Quantcast ANZ managing director Andrew Double says there is a pivot happening that is focused on understanding the single view of the user and while there is a perception that martech delivers that, he thinks that discounts the role of ad tech, which can help deliver and assist in reaching that single view understanding.
“However, marketers need to know the online behaviour of their customer in real time, and ad tech delivers that capability. If you want to understand the customer outside closed ecosystems you need a combination of data sourced from both ad tech and martech systems. The whole world is not within one platform,” Double says.
From Gumtree to Amobee and Quantcast to AOL and Yahoo7, we asked a handful of industry experts to give us their views on the fundamental difference between ad tech and martech. Do you agree? Feel free comment and share your views below.
Gumtree Australia head of advertising and partnerships Laura Hill:
“Ad tech is the buying and selling of advertising, while mar tech manages the marketing tools. However, when we emphasise a boundary between the two platforms, we lose sight of the fundamental goal for marketers – which is to create seamless customer-centric experiences for our audiences across all channels and touchpoints.”
MullenLowe Profero Sydney business designer Melina Hamilton:
“Ad tech is only a fraction of the total customer experience equation. Ad tech does a great job of optimising media spend to place the right message, in the right format, in the right channel to the right person. But let’s say that someone views or clicks on that placement, then what? If they don’t convert, is more media spend required to place an evolved message in their daily browsing habits?
This is where martech comes in. Martech optimises the marketing output of an organisation to reduce the reliance on media to engage and re-engage. It connects tactical strategies with always-on strategies across the entire customer journey. That means once a marketer has paid for a consumer to engage an asset off-platform (the job of ad tech) then they should only pay once as enough information has been collected to re-engage them on-platform (the job of martech).”
PubMatic Asia vice president Jason Barnes:
“Ad tech is about automating the process of buying and selling digital inventory, and martech is about automating the means to market to customers from segmentation to one-to-one communications. Increasingly, we see the term ‘madtech’ being used, which merges the two and shows how the technology built to service display inventory has applications across the marketing mix.”
Blis senior sales manager Brittany Lefave says:
“I believe people have perceived the difference of ad tech and martech in the past to be based solely on cost structure and the ownership of the service being offered. Ad tech equals a paid media service, usually offered by agencies, while martech focuses on owned media and gets used in-house. However, we are past the times where agencies provide strictly paid media solutions. Ad tech could be a word of the past as agencies and tech providers begin to offer more tailored, holistic solutions in the paid, owned and earned media space.”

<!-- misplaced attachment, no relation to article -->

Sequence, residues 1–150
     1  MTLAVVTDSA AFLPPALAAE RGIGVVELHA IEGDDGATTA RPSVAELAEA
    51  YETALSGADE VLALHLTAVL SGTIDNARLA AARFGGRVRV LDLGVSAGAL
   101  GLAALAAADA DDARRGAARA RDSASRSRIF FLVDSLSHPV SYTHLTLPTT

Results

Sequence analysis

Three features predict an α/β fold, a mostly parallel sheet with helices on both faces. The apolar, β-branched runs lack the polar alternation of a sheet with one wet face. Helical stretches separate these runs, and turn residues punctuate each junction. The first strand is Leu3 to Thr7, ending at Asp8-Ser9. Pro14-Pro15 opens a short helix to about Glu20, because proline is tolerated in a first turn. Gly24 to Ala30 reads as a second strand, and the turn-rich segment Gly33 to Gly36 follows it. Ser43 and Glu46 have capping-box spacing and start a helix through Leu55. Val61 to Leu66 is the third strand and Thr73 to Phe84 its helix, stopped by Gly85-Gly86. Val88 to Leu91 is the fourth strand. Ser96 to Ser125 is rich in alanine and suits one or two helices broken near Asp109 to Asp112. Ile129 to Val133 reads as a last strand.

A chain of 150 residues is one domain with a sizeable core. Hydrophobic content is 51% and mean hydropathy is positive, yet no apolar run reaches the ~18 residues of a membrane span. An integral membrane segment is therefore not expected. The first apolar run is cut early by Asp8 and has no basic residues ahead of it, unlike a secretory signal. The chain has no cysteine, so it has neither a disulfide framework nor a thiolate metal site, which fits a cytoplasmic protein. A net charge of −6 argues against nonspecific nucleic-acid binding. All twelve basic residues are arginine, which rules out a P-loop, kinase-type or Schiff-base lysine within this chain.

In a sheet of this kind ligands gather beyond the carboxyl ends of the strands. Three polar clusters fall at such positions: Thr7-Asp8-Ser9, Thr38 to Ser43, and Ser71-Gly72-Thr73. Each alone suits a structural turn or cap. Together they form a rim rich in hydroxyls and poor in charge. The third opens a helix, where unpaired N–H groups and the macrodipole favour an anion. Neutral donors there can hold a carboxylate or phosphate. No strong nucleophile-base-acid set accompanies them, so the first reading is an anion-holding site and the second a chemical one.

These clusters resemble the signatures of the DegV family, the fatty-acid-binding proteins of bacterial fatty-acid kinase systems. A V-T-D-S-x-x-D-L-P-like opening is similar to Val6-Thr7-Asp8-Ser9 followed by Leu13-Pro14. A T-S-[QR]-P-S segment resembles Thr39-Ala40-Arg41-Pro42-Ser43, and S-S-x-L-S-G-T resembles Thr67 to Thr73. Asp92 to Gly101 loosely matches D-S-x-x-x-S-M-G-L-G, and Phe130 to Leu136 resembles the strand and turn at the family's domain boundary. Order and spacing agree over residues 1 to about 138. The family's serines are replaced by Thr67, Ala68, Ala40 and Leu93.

AOL APAC head of data and attribution Nikki Retallick:
“Advertising and the technologies that support it are primarily about prospecting and brand building. It has been built around third-party cookies, which track impressions, clicks and sales on an anonymous basis. On the other hand, marketing and associated tech is defined by its precision and its known customers and first party-data sets, often associated with identity. Other distinctions have been made around commercial models and customer types: ad tech has leaned towards a more campaign driven, media-based model and as such has largely been traded with media agencies and their trading desks as well as publishers. Martech on the other hand is often sold on a subscription basis or SaaS model, often involving a set-up cost in addition to monthly recurring fees and is often sold directly to marketers.”
Amobee Australia and New Zealand managing director Liam Walsh:
“Martech normally means your CRM system and things to do with site-side optimisation. Martech is managing customer analytics, processes and workflows and traditionally it hasn’t touched on advertising, as its business problems were different. Ad tech focuses on advertising and putting messages in front of people to drive them to do something. Fundamentally ad tech is a bunch of systems and technologies that manage the buying and selling of ads. One isn’t better than the other and over time their roles and purpose will converge. When that happens, they will have a fancy new name.”
Yahoo7 national director of data, platforms and exchanges Ben Green:
“Ad tech and martech typically refer to quite different technologies and functions. Ad tech referring to advertising executions across search, display, video, social or native channels powered by anonymised audience data. Whereas martech refers to platforms often powered by data from a customer relationship management (CRM) tool with personally identifiable data and executed across email and direct marketing channels, customer experience platforms like content management systems and measured using web analytics or social listening tools.
Quantcast ANZ managing director Andrew Double:
“Ad tech is about reaching prospective new customers and you need a lot of technology to do that.
I think ad tech and martech all sit as one. Martech is an extension to CRM. Ad tech is also about understanding your customers. I don’t think the distinction being made in the market is as clear-cut as people are saying.”
This article was first published on adnews.com.au